But for all of his ludicrous antics, the author is at heart clearly a proud veteran of the US military system. And though his storytelling is not conventional by any means (it is, in fact, littered with phrases like “douchebag,” “dude,” and “homies”), his collection of stories humanizes the military experience in a way that is both accessible and understandable for any layperson.

His casual writing style is effective in its colloquialisms, his implicit “ya know what I mean?” at the end of each humorous anecdote like a friendly elbow in the ribs.

It’s refreshing and, perhaps just as importantly, it acts as an honest reflection of what being a member of the military is truly like -- excessive downtime, chow thieves, interpersonal problems and all -- sans the pomp and circumstance that often characterizes other war memoirs. Wong sees each tactical misstep or bizarre incident as a learning opportunity and every interaction as a chance to reflect on the idiosyncrasies of wartime and the people he meets from a myriad of different backgrounds.

While Wong’s intentions in writing the books are clearly not political or confrontational, he doesn’t shy away from criticizing failings of the very US missions he led, nor does he hold his tongue when being critical of special operations forces in the Philippines, Korea and Baghdad.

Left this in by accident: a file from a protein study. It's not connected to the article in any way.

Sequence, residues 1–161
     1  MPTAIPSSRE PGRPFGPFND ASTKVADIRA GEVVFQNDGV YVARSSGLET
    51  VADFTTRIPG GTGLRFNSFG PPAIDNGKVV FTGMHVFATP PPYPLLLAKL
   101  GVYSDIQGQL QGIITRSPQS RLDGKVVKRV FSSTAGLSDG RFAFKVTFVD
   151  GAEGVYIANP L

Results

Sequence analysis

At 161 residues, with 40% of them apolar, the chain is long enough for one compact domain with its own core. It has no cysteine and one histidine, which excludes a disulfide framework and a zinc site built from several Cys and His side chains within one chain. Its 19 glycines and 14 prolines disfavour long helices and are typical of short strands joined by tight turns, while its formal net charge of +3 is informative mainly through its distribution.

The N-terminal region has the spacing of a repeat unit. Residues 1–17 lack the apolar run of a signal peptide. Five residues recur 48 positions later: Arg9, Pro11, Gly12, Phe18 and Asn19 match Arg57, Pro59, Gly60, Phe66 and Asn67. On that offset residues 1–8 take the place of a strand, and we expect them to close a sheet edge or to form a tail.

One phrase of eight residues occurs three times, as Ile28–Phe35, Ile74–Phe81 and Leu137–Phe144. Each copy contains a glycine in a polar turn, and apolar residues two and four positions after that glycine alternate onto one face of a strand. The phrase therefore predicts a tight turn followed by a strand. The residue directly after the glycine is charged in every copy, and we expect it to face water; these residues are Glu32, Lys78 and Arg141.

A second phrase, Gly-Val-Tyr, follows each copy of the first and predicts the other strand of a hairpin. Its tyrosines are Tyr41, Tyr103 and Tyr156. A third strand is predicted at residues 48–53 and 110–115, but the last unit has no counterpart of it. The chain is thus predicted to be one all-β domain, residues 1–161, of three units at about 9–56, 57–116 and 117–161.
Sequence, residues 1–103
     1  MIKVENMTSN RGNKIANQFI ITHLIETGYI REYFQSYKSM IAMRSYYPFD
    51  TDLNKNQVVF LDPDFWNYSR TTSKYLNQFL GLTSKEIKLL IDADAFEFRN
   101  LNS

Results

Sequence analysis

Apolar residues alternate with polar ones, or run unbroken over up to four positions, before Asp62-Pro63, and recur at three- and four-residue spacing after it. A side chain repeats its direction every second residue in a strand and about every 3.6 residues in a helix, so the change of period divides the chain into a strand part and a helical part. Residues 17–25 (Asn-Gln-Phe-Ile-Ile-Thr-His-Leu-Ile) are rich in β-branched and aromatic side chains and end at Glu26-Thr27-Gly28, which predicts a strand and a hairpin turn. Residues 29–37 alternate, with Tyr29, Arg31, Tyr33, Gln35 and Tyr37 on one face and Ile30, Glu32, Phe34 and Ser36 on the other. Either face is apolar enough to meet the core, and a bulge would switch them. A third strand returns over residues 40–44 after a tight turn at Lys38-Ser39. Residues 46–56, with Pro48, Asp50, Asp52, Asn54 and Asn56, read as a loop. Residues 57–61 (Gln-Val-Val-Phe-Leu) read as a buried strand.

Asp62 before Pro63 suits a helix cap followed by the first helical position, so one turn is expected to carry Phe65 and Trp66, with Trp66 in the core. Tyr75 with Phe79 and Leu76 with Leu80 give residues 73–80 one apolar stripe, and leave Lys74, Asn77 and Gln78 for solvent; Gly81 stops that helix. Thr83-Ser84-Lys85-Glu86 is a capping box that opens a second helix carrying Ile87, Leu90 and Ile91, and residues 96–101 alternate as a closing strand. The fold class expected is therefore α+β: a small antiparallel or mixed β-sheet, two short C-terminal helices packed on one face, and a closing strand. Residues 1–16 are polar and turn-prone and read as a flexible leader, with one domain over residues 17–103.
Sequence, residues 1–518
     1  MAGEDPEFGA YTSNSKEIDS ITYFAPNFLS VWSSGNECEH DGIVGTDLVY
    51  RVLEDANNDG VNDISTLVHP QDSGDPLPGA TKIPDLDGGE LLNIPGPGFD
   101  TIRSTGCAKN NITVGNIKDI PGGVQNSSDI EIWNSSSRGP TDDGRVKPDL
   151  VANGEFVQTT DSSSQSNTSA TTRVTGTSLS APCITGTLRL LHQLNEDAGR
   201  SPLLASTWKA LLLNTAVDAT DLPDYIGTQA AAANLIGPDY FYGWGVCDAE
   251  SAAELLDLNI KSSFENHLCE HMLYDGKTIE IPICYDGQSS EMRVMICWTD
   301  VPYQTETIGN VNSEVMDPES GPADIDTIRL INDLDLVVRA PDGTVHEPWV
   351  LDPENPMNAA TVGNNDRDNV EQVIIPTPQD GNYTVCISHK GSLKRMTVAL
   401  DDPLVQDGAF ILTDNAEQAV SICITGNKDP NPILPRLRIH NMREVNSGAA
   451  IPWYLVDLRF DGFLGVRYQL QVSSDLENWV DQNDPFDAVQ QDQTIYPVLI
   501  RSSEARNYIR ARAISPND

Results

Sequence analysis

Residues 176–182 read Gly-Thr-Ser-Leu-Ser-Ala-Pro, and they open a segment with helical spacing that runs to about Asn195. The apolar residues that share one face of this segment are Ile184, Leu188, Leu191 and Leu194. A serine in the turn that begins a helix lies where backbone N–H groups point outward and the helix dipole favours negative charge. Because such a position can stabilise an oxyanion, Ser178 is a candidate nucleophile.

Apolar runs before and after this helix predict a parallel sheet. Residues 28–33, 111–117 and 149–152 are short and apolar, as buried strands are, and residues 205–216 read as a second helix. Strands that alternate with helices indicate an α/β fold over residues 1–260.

He does, however, sometimes border on the edge of political incorrectness in his descriptions, commenting on the “stereotypical” (Wong’s words) white pickup truck full of Mexicans that he chanced across during the pizza incident or breaking down the Korean American West Point culture, as demonstrated in the following passage.

“Growing up in Cupertino, California, which was about 50 to 60 percent Chinese in the late ‘90s, I actually hadn’t had much exposure to Korean or Korean American culture despite being in such a heavily Asian-American community,” he writes. “There were a few Koreans at my high school, but they didn’t travel around in the giant wolf packs that they do in normal Korean American social circles. ...So, needless to say, it was quite a bit of shock when these Korean upperclassmen (at Westpoint) wanted me to call them hyung, or ‘older brother,’ pretty much every sentence like how I was supposed to say ‘sir’ to the other upperclass cadets … holy cow! I mean, I was like, are we living in feudal times?”